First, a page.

Executive Director’s Report to Membership

 WIFT-AT Annual General Meeting, Jun 13, 2022

Before reporting on these first six months with WIFT-AT, I’d like to thank the board of directors for inviting me to join this organization, whose values and vision are so personally important to me, having spent really rich and meaningful time in screen-based collaboration in Atlantic Canada, as a queer woman.

I’d also like to thank the membership for their kind and patient support through the changes underway. Change can be exciting and filled with possibility, but it can also feel bumpy and confusing, especially to folks who aren’t designing or steering the change. Maybe the people you used to contact have changed, and the new ones don’t have all the information that your previous contacts did, or they do things a different way, or the new system isn’t working perfectly yet. As excited as I am about the vision the board of directors has invited me to work towards, I am also aware of the need to ensure that the fundamental benefits of membership are protected. I’m grateful for the understanding you’ve helped me gain so far, about your experience of WIFT-AT, and I hope to continue to hear from you directly to keep learning more about who you are and what WIFT-AT is for you, and what we might do together in this organization. Please reach out, any time. 

So now to report on the portion of the year that I’ve been part of. I began my work with the board in December, supporting their strategic planning and governance review.  

I began full-time in the role in January, and in addition to continuing the planning and governance support of the Board, there was also all the necessary onboarding: establishing credentials and accounts in many tools and systems, and connecting with core people and organizations. Special thanks to Britt Kerr and Tracey Hatcher for the humour and spirit they brought to their support of this work. 

With a flagship program (the Making Waves conference) traditionally held in March, hiring and initial logistics got underway very early in the year as well. We were fortunate to receive many impressive applications for positions funded through Employment Nova Scotia’s Job Creation Partnership, and luckier still to be able to hire Ellie Rideout and Rachel Moore through the process. Ellie and Rachel entered a major effort from day one, joining forces with Morgan Salter in the production of WIFT-AT Making Waves. Morgan’s insightful experience of past WMW conferences, coupled with her tremendous talents as a producer, provided crucial vision and leadership for the team. The conference was planned as an online event, as it had been in 2021, and the return of Bonnie Fraser as Digital Development Coordinator was instrumental in this format working equally well for screenings as for networking, conversations, and ticketing. The annual presentation of WAVE awards, while a highlight, did not translate as well to online as the other aspects of the conference, and as a result, plans are underway for an in-person event later this year as a proper tribute to the achievements of those honoured and to the important work of the selection jury.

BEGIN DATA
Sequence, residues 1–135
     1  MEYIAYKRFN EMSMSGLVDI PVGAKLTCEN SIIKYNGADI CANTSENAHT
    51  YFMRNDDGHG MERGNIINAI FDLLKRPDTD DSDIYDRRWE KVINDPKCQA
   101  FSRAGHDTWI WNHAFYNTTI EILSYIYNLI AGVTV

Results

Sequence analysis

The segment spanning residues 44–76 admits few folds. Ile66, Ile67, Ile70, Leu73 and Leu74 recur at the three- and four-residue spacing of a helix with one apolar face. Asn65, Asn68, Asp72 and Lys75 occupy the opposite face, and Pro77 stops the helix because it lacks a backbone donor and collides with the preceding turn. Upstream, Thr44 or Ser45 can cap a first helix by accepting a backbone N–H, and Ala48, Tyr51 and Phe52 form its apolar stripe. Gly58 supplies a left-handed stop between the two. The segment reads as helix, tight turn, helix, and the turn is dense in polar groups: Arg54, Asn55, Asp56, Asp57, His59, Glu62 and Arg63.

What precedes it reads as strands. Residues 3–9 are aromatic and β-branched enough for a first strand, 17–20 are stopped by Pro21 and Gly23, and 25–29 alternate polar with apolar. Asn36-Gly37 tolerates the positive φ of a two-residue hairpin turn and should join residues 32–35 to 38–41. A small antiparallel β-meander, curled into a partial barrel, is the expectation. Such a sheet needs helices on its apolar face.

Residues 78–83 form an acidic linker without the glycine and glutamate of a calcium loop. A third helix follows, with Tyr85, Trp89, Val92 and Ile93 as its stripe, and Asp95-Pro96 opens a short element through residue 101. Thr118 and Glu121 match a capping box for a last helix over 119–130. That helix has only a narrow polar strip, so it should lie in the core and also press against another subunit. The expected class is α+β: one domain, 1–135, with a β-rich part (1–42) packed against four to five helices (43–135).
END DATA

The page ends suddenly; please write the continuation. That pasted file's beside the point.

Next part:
As is usually the case with events like this, many people made many valuable contributions, and I was awed by and grateful for each. Rachel has provided a more detailed account of the conference, and so I’ll only further name Ryan Blair’s technical management, and the inspiring stewardship of the WIFT-AT Board of Directors. For me, it was an unforgettable introduction to an organization, and it galvanized my commitment to realizing WIFT-AT’s vision. The respect and appreciation I’d already had for the conference sponsors – without whom the show couldn’t have gone on – was deepened and enriched, and I look forward to many more partnership opportunities to come.

Work continued with the Board on strategic discussions and supports for those, producing discussion drafts of key elements, as well as an auxiliary decision-making model (to augment those in the bylaws) in order to ensure strong alignment on any new directions or significant changes to be proposed. 

A number of systems improvements were realized or begun, notably in banking and information management. Others were added to an inventory for resourcing when possible, in particular standard operating procedures to aid succession while the organization relies upon short term contracts (without continuity). A mechanism was introduced for collaboratively assessing and supporting the quality of work experience in the organization. 

We were able to secure additional support from Employment Nova Scotia for Rachel to more fully realize the information management improvements, and for Ellie to undertake a member engagement project during this period. 

A variety of other initiatives underway when I joined the organization were continued and in some cases completed. The Mentor Match program, participating in Telefilm’s Talent to Watch, supporting the continued strategic discussions of the board about WIFT-AT’s purpose and value, and choosing a member to celebrate as Best Director in Screen Nova Scotia’s awards were some of these. 

Most recently, I’ve enjoyed supporting the accounting of our fiscal year-end, and planning this crucial gathering, the annual meeting of members.

Looking ahead, as the board returns to strategic planning, I expect to begin to see funding and development relationships or conversations to pursue. For WIFT-AT to realize its full potential as an association expanding gender representation and equity in the screen industry, support for longer-term plans will be required.

I’ll close by reiterating how wonderful it is to be able to collaborate with this board, in order to serve this membership, and to invite you all, once again, to connect with me in whatever form is most convenient for you, to help me to do that!